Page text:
Governor's Bungalow
Rest House


Thursday, July 28, 2016

Matheran



Mathera had been on my mind ever since I first made a list of places I wanted to see in India before I die. Finally after eons when i did get to see Matheran, it blew my mind.  This is why:

The clouds clearing away, slowly, gently, to give our hungry eyes a glimpse of the majestic mountains
The clouds kissing the mountains in a lingering moment of passion, sending sweet chills down our spine.
This was mid afternoon & yet the pace was so misty & cool.
Who wouldn't fall in love with this?
The lovely stream on the way up to the hill station
The forests are pristine. 

The valley below

Being spellbound

Matheran is the smallest hill station in India & the first in ASIA that is vehicle free. Eco-sensitive zone. No vehicles are allowed into the hill station not even the privately owned bikes & cars of people who live there. It has to be parked at the start of the hillock,in a designated space. You explore the hills
on a horse
on a horse
Or this hand-drawn cycle-rickshaw.
or by walk.
The horse, in the pic, is named Lakhan, bought by the owner at Rs 70,000. The ride costs Rs 1100 per person to view 5 popular scenic spots. car drive would have cost us less than Rs 500 in petrol or a bike ride just Rs 100. Takeaway: animals are definitely expensive! But the experience of going on that ride will be etched in our memories for ever, especially for my daughter Tanvi who loved it. She wanted the staff to let go of the lagaam (handle) so that she could ride the horse all on her own! She sat on it like a pro, no fear of falling. She was constantly rubbing the horse’s neck & saying he is responding.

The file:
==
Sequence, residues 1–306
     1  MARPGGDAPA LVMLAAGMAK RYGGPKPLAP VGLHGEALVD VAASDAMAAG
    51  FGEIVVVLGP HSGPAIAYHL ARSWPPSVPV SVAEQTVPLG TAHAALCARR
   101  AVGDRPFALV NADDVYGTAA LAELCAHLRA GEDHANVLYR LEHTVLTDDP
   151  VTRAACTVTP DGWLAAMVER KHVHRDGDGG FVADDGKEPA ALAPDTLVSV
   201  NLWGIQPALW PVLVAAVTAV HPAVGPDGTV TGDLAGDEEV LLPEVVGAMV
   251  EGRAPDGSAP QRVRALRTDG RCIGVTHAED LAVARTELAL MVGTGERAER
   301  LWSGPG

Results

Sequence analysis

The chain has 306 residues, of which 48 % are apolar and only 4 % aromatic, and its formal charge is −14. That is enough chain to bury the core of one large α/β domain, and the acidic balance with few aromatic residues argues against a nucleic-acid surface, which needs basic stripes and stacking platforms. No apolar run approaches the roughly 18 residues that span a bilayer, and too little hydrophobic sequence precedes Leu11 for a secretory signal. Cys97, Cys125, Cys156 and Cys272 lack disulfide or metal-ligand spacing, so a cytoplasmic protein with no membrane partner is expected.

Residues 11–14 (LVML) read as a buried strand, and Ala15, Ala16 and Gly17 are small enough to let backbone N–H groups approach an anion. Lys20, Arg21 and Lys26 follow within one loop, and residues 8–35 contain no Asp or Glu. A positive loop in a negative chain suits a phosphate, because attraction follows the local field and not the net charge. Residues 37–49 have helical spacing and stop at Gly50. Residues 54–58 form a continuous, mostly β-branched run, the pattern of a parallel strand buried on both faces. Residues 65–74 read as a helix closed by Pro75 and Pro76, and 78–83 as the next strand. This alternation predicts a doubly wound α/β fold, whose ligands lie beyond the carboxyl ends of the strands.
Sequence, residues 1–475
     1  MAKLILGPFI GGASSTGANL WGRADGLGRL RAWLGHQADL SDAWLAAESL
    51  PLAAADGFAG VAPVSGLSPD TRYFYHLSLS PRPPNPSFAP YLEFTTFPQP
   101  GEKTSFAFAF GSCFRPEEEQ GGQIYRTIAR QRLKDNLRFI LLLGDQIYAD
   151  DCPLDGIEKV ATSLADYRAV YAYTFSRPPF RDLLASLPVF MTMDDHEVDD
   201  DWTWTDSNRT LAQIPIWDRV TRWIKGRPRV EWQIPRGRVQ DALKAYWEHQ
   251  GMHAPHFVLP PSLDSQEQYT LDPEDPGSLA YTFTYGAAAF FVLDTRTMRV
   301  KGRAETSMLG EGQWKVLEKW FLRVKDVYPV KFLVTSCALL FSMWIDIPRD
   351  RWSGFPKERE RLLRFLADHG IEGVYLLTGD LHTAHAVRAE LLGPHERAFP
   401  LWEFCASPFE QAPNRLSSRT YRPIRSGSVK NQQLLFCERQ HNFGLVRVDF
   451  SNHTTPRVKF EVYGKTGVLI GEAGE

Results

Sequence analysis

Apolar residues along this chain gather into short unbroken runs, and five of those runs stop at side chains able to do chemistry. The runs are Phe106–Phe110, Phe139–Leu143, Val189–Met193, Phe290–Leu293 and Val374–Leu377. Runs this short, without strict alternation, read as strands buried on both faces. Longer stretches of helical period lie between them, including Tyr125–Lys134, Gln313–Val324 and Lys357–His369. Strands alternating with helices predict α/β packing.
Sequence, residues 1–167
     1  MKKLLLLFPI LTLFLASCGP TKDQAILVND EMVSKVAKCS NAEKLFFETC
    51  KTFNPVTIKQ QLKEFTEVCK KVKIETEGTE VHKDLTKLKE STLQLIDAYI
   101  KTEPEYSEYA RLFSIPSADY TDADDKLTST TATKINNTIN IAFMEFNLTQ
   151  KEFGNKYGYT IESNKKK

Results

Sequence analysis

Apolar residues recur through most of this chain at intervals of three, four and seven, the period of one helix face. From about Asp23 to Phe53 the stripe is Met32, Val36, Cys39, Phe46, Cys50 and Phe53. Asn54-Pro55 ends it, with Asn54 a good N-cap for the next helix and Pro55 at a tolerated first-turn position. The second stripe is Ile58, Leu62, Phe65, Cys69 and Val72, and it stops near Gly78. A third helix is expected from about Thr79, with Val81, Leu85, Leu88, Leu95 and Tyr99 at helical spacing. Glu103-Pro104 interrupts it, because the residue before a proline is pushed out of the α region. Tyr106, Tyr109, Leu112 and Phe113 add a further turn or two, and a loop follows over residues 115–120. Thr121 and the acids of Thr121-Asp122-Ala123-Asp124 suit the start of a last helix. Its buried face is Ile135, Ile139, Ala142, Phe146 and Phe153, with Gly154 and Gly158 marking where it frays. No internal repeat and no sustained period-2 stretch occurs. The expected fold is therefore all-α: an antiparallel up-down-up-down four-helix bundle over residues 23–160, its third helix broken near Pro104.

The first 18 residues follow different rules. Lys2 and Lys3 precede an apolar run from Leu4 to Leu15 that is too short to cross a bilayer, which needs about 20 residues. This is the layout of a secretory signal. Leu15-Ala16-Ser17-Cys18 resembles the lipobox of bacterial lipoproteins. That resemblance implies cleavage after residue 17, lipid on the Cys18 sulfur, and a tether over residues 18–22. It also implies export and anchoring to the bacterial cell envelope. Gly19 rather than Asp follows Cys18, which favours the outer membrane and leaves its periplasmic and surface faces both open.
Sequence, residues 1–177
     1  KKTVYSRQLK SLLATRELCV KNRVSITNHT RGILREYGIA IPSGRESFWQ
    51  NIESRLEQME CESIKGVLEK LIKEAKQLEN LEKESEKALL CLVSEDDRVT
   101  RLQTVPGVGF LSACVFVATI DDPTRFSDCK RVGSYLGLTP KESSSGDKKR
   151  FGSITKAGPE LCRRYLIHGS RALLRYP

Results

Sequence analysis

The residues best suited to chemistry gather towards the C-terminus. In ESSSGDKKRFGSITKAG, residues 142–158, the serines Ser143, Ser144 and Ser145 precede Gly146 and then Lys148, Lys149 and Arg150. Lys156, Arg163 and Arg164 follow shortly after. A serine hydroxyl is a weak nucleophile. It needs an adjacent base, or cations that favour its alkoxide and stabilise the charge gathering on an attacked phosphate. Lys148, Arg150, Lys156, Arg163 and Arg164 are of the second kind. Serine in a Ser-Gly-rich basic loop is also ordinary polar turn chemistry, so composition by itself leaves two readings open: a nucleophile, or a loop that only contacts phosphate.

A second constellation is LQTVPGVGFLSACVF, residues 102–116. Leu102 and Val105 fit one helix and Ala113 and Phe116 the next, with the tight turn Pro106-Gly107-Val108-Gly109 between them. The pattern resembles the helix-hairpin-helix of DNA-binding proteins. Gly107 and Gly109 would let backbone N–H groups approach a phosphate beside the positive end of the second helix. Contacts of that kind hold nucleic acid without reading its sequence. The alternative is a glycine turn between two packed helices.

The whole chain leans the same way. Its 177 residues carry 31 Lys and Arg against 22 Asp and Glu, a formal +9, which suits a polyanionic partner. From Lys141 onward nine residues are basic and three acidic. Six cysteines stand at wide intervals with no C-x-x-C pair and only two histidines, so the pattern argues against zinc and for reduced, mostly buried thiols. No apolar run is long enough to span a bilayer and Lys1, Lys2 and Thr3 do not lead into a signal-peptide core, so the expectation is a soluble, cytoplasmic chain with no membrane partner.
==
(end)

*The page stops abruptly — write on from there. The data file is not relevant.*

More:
We took the horse ride to go into the hill station. And later walked around & explored the town. We walked back to the parking spot in half an hour. As you can see in the pic above, we walked along the railway track, in a drizzle, suitably dressed in local rain gear which is plastic sheet snugly hugging your body & a plastic hat. The price of these rain protectors Rs 50 only!
The pathway through the lush green forest
One of the waterfalls
There are many beautiful cottages owned by Parsis who visit Matheran to beat the heat, grime & noise of Mumbai. Here is a cottage of the State Tourism Board
The hill doesn't grow or produce anything. Everything you find on the hill is either brought from neighboring big cities like Pune or Mumbai or Lonavla or from the town called Nerul. Horses, smaller ones, by breed closer to donkeys, are used to ferry cement, sand & other building materials and also grocery & household stuff. They are quite simply called the maal-gaadi (maal meaning material & gaadi meaning vehicle). 
The Nerul village
The countryside
Now,let's look at the logistics. Matheran doesn't have an airport. One has to fly down to Mumbai and take a 2 hour/90 KM car drive to Matheran. If you add up the cost of two way flights from Bangalore to Mumbai, two way taxi fare from Mumbai to Matheran, horse ride & sight seeing charges, lunch & snacks expenses, it would cost you Rs 10,000 approx for a one day tour to this beautiful hill station. 
The drive from Nerul to Matheran
We didn't stay overnight here. We chose to spend the night at Lonavla which is another beautiful place with more modern amenities and stay options. but about Lonavla in another post.